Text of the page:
Ronholm highlights the fact that some brands can keep PFAS out of their products. “The fact that so many brands had a PFAS of less than 1 ppt shows that it is possible to achieve a higher level of protection,” he says.

“I first asked the EPA more than 19 years ago … and we’re still waiting for a full national response,” said Robert Bilott, an attorney who led a class action lawsuit in the 2000s involving the chemical company DuPont accused of contaminating drinking water in the Ohio River Valley with PFAS, Consumer Reports said.

Are there safe bottled water options?

All brands tested by Consumer Reports were kept within limits that were largely believed to be safe. One part per trillion is the limit recommended as safe by the Environment Working Group, which is roughly equivalent to a grain of sand in an Olympic swimming pool.

“However, some experts say that even 1 ppt is too high,” says Consumer Reports. Reference is made to a 2019 report by the Defense Council on Natural Resources which recognized limited toxicity data, but requires zero tolerance “to provide an adequate safety margin to protect public health from a class of chemicals , which is characterized by extreme persistence, high mobility, and is associated with a wide variety of different types of toxicity with very low exposure. “

Consumer Reports notes that the EPA “does not comment” on a proposed limit of 1 ppt and says that it would be “inappropriate to anticipate the outcome” as the regulatory process is currently ongoing.

Some of the brands tested a little over 1ppt, with Topo Chico testing the highest.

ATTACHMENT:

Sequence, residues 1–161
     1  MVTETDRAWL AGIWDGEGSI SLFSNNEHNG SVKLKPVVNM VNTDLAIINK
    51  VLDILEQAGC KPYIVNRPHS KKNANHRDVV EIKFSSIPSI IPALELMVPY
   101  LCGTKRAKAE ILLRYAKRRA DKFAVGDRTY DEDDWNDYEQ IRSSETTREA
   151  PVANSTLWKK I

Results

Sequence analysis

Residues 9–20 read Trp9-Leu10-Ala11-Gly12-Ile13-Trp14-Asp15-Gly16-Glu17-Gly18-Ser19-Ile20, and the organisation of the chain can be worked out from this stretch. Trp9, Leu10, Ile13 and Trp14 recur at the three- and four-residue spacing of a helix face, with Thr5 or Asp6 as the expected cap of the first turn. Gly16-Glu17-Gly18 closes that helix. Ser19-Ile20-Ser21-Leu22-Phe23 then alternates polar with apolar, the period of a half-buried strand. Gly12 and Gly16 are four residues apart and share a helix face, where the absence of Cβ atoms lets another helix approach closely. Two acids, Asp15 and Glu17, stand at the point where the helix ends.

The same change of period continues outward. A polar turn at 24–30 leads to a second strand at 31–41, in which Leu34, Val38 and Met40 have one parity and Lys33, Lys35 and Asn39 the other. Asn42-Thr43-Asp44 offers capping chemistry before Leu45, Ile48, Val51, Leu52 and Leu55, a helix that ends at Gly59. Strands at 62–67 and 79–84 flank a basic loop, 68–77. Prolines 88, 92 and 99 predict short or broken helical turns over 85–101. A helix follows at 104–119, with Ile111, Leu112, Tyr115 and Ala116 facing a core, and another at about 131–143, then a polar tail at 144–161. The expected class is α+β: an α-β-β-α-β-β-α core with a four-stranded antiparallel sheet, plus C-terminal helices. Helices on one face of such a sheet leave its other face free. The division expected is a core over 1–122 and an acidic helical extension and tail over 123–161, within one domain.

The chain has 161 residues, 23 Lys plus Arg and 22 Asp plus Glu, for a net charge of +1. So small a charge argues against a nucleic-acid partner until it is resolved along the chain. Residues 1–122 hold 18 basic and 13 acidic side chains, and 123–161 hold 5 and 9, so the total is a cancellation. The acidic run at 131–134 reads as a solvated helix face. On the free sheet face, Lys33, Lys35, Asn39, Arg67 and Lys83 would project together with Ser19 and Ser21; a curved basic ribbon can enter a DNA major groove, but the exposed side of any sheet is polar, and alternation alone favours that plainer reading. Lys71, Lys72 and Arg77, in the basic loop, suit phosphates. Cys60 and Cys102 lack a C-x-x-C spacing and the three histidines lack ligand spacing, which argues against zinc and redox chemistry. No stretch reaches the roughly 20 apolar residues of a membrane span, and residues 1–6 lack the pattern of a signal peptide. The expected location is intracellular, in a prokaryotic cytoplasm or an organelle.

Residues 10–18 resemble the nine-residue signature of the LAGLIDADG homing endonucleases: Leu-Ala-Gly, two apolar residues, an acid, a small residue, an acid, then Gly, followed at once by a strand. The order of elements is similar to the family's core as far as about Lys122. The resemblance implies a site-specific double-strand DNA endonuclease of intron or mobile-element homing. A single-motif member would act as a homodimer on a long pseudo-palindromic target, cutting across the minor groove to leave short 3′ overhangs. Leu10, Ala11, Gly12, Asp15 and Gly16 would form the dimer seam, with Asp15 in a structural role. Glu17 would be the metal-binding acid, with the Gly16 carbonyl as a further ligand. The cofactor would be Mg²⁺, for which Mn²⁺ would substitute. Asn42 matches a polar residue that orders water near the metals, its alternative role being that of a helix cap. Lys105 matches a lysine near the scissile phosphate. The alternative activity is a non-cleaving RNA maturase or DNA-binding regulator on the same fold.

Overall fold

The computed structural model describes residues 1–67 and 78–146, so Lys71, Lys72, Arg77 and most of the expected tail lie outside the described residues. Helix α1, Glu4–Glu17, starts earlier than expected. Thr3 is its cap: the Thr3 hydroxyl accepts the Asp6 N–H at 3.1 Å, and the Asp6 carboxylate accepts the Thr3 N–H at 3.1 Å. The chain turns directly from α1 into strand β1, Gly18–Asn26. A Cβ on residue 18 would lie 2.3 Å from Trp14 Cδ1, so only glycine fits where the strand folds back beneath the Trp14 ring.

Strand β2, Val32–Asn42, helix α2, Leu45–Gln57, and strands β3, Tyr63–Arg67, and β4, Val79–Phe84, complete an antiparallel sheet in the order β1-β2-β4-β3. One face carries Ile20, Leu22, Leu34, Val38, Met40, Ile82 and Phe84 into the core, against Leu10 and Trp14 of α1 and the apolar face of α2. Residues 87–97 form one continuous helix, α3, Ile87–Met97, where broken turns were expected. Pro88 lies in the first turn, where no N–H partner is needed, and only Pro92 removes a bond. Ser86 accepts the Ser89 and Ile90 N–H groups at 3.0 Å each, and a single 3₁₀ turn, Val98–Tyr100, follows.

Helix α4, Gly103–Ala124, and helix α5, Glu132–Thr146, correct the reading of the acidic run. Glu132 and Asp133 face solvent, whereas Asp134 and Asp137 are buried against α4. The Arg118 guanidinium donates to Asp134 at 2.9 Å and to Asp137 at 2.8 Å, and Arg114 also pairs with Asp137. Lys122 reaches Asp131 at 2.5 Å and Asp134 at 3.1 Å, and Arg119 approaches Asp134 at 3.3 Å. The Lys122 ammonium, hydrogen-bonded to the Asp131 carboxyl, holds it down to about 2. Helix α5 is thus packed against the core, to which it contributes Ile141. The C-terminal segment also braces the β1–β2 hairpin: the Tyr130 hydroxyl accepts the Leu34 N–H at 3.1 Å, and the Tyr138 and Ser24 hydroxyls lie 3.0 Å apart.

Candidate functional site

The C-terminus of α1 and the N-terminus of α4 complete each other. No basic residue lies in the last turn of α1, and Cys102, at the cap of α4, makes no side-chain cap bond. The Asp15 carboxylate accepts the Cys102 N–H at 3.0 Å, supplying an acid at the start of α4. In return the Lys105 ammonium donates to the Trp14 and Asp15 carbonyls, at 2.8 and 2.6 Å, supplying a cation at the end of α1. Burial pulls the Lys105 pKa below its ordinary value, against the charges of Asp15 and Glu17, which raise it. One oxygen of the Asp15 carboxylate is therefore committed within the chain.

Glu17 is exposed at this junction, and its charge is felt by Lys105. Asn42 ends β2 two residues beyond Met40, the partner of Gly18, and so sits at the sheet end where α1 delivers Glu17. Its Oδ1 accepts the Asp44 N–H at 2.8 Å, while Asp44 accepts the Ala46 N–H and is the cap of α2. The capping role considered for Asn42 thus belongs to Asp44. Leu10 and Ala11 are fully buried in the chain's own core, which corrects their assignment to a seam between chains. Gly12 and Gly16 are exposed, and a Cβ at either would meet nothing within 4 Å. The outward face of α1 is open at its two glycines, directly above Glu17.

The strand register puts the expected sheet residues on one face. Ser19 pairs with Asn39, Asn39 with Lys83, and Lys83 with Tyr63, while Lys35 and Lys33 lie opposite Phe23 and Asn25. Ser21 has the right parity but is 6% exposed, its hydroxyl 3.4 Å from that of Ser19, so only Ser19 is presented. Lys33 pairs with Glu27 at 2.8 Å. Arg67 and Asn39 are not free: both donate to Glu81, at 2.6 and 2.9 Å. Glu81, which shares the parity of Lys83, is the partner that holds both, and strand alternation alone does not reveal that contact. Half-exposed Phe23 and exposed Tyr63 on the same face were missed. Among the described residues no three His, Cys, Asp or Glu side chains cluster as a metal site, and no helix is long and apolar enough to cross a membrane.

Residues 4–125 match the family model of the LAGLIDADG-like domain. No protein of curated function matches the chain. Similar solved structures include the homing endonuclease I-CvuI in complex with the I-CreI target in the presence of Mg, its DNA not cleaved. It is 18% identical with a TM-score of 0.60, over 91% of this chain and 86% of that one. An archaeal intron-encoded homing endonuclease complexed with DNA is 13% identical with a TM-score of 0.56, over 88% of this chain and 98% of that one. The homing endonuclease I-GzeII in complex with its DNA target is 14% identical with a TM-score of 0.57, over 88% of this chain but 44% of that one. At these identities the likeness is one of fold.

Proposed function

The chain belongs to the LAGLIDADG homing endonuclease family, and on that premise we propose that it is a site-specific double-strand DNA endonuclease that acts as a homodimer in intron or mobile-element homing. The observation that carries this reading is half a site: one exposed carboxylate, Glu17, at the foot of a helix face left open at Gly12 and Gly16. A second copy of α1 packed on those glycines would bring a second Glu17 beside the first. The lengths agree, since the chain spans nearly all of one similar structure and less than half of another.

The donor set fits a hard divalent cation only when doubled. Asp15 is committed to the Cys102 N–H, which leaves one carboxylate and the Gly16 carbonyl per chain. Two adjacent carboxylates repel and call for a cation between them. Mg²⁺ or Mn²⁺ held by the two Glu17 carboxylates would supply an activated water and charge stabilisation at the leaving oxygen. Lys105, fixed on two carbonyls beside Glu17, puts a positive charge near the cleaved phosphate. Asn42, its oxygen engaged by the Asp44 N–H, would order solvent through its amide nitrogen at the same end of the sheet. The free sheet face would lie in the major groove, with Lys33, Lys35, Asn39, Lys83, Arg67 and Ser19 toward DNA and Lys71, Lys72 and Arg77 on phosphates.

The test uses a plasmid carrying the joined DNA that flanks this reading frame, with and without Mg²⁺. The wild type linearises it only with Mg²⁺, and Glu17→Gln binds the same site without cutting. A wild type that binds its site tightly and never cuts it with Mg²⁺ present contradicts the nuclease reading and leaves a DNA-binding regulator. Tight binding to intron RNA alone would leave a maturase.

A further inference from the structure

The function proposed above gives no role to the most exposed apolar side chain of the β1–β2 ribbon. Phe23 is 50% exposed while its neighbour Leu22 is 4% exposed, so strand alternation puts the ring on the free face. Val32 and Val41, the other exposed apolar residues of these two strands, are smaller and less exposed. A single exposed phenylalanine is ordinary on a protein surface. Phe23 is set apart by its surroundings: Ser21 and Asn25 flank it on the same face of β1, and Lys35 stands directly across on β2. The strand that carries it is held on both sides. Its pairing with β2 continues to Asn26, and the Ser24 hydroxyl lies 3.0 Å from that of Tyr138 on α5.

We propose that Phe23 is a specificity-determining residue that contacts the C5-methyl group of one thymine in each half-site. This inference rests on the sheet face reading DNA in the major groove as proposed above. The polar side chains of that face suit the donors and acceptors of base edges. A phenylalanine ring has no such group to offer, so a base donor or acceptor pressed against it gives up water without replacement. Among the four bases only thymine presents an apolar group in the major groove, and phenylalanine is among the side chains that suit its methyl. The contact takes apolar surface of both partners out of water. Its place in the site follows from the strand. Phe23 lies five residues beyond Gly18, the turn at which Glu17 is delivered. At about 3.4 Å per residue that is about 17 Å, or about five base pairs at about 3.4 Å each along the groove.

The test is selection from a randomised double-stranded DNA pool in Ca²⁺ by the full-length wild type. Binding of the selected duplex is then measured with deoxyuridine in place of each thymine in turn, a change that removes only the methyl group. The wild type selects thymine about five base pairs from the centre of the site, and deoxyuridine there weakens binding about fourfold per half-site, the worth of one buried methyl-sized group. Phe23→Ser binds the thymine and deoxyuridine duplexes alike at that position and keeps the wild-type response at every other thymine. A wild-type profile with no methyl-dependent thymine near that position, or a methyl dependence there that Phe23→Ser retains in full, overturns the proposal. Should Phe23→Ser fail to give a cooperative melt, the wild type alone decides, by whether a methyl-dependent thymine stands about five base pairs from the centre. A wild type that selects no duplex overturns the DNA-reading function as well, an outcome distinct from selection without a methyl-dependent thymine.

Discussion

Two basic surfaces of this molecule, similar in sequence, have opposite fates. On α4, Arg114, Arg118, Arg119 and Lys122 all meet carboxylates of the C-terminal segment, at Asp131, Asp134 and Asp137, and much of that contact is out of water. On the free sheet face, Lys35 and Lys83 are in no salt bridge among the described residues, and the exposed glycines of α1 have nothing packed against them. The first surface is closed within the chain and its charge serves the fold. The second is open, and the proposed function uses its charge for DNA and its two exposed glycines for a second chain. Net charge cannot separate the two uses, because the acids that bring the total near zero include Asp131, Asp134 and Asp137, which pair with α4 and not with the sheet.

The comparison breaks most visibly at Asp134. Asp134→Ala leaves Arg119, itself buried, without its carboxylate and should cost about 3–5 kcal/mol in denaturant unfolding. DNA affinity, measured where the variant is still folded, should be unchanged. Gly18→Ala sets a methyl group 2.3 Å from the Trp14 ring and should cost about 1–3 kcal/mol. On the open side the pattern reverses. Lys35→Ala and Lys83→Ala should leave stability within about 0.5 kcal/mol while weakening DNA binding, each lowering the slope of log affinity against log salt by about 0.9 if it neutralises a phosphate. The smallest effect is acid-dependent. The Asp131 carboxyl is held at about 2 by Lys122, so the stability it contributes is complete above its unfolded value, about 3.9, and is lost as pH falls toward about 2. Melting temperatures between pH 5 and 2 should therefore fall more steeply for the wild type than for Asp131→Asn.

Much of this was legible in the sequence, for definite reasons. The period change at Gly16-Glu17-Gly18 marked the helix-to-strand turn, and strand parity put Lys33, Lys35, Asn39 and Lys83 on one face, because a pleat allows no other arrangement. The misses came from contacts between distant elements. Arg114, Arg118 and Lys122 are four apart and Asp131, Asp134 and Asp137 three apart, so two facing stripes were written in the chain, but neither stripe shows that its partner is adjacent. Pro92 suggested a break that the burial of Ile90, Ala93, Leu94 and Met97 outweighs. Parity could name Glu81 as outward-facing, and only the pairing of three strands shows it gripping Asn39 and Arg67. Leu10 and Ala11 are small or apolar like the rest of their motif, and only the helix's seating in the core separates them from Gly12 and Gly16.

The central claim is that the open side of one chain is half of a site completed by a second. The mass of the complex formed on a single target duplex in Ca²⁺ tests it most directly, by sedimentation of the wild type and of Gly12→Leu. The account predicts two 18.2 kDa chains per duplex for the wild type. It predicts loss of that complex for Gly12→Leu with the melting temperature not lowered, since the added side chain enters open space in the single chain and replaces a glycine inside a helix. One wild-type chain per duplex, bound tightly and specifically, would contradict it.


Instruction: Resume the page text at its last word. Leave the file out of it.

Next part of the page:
But that doesn’t mean that brands that aren’t on the list are worse or better. As long as safety regulations are largely voluntary, it will continue to be difficult for consumers to identify the safest products. The popular La Croix brand, for example, continues to top the list of the best sparkling water, and a dietitian-curated women’s health best-of in 2019 included several of the brands on the list of consumer reports, including Perrier, La Croix, and Bubly.

To ensure safety, consumers can inquire directly with brands for testing and safety measures if information is not available on their websites and stay away from other possible PFAS exposures like choosing non-toxic, non-stick cookware. Another option is to make your own sparkling water. With products such as Aarke Premium Carbonator and DrinkMate, you can make sparkling water at the push of a button if required. And they solve another problem that bottled water cannot solve, no matter how clean the water is: no more plastic bottle waste.

Based on bio-authority